What can change the nature of a man? It’s the question that drives forward this classic RPG in what many consider to be the best story told in all of gaming. And this is a game you’ll want to play for the story. The combat isn’t terrible, but it’s the wisdom/charisma builds that unlock all the fascinating conversations that keep Planescape: Torment the high bar by which many still judge any video game story.
The joy of discovery and exploration taps into some primal part of me that simply loves enjoying beauty and nature for its own sake. Fez bottles up that feeling into game form. A world in which you discover the 2D plain you live on is actually layered with 3D spaces could have become some sort of platforming challenge, but the game focuses on keeping most of the game inclined to simple area traversal and some devilish puzzle-solving. It also boasts what I’d call the best soundtrack in the medium.
Back in the days when most video game stories were bad, Metal Gear Solid is a mix of genius and stupid. Playing into real-world ideas of nuclear warfare, private military, expansion of military battle, the futility of war, and other socio-political thoughts, it’s also filled with hammy dialogue and over-the-top voice performances. But there’s one thing that can’t be denied: the gameplay and level design is top notch here and results in one of the best realized video game spaces of all time: Shadow Moses.
- Sonic & Knuckles
Much of my youth was spent playing the old Sonic the Hedgehog games on Sega Genesis. As an adult, Sonic & Knuckles feels like it has the most consistent series of stages. The game is filled interesting mechanics and it allows you to play Sonic 2 and Sonic 3 with Knuckles, which I can assure you blew my mind as a kid. It seemed like magic and to this day, sometimes playing these games still feels the same way.
Myst was such a formative part of my childhood but it has not aged well. Cyan’s spiritual success to the series, Obduction, evokes many of those feelings and experiences but with a much more cohesive set of worlds and far more logical puzzles. Plus, it’s one of the few games that has made my jaw drop from the shere awe and scale of certain moments. Beautiful, thoughtful and otherworldly, Cyan captures lightning in a bottle once again.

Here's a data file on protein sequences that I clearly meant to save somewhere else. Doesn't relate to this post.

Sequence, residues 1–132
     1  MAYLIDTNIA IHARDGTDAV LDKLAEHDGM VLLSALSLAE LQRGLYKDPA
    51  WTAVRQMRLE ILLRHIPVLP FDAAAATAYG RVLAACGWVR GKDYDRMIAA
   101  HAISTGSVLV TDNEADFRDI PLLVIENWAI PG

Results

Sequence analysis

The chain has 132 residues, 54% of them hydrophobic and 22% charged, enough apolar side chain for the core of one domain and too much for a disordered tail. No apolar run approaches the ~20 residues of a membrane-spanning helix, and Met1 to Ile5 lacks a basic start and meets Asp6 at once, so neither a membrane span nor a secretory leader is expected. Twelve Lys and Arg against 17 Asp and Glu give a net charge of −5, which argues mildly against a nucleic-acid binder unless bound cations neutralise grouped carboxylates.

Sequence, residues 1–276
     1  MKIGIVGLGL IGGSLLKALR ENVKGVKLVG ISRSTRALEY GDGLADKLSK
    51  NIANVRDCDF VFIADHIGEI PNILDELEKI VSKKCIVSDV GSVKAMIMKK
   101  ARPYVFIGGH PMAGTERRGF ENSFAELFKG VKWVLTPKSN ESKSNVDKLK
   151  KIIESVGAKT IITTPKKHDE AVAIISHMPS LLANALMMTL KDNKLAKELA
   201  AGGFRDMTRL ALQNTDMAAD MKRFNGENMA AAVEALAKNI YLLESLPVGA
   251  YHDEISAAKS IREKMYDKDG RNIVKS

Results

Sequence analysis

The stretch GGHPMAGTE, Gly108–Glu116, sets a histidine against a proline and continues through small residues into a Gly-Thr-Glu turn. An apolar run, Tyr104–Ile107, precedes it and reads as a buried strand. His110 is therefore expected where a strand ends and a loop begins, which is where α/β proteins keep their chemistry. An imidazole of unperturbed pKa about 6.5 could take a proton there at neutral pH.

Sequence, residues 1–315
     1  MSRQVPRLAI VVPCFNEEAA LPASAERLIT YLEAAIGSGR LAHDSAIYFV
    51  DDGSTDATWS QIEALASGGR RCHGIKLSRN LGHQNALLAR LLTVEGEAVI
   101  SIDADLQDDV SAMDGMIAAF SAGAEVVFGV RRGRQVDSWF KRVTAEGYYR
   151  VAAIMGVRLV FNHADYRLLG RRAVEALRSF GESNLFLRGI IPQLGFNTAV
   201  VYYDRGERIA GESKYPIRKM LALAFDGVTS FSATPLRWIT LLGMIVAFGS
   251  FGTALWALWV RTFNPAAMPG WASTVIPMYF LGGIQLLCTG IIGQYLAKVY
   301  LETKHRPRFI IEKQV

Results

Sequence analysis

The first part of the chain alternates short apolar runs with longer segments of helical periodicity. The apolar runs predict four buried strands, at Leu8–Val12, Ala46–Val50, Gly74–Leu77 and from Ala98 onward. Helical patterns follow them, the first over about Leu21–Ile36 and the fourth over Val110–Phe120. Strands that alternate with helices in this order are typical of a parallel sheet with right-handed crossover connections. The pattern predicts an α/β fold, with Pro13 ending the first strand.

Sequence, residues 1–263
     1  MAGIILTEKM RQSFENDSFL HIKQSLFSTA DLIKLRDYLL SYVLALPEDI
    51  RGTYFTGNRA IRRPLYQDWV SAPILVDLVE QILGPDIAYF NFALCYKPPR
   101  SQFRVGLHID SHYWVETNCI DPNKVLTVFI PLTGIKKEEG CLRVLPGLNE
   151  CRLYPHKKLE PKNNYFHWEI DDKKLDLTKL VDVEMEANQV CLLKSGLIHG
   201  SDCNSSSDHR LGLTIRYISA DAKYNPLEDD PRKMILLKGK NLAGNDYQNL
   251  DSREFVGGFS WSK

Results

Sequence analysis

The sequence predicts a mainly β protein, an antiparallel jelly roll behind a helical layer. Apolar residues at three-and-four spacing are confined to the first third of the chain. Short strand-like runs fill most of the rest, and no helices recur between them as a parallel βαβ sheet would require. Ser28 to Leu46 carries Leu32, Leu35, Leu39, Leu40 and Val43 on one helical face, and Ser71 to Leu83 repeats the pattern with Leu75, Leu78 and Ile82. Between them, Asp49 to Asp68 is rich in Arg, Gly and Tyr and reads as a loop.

- Star Wars: Knights of the Old Republic II – The Sith Lords
It’s rare that a video game makes you rethink your view of morality, but The Sith Lords did just that as it challenged my rather simplistic teenager outlook of a world with easily categorized good and evil people. A heavy critique of a lot of Star Wars fiction as well as just a damn good story in its own right, The Sith Lords delves into the murky world of the ethics of a world in which our actions can be judged not simply by their own merit, but by the impact they have on other people.
- Far Cry 2
This game depicts an indifferent, harsh world that you have to endure instead of subdue. Weapons constantly degrade, enemy patrols drop on you at the worst times, and you’re plagued with malaria. Lots of moments in Far Cry 2 are not traditionally fun, but they are tense and nerve-wracking, resulting in all kinds of improvisational moments where a situation goes from bad to worse. Few firefights in gaming have felt as high-stakes or as thrilling as the ones I’ve had in Far Cry 2.
- Thief 2
There’s something immensely satisfying about sneaking through spaces and taking everything that isn’t nailed to the floor. Thief 2 is the game that got it the best with a strong emphasis on verticality, a scaling difficulty system that forced you to explore more of the map to steal even more things, and some of the best map design of the era.
- Thirty Flights of Loving
Ever since playing Gravity Bone, I knew Blendo Games was something special. There was something about the way the game conveyed so much wordlessly that entranced me. Thirty Flights of Loving refined this even further into the tale of a heist gone wrong told with the kind of skill and precision that found a way to play with time in such a way to condense and linger on just the right moments.
Hitman is the realization of such a specific fantasy: the idea of being an untraceable assassin. As the series has progressed, the simulations and interactions have gotten better and better to the point that this version is filled full of creative and absurd ways to kill your targets. It’s a game where failure is getting into an all-out gunfight and success is a quick and silent murder surrounded by a lengthy setup and a sly exit.
© James Blake Ewing 2018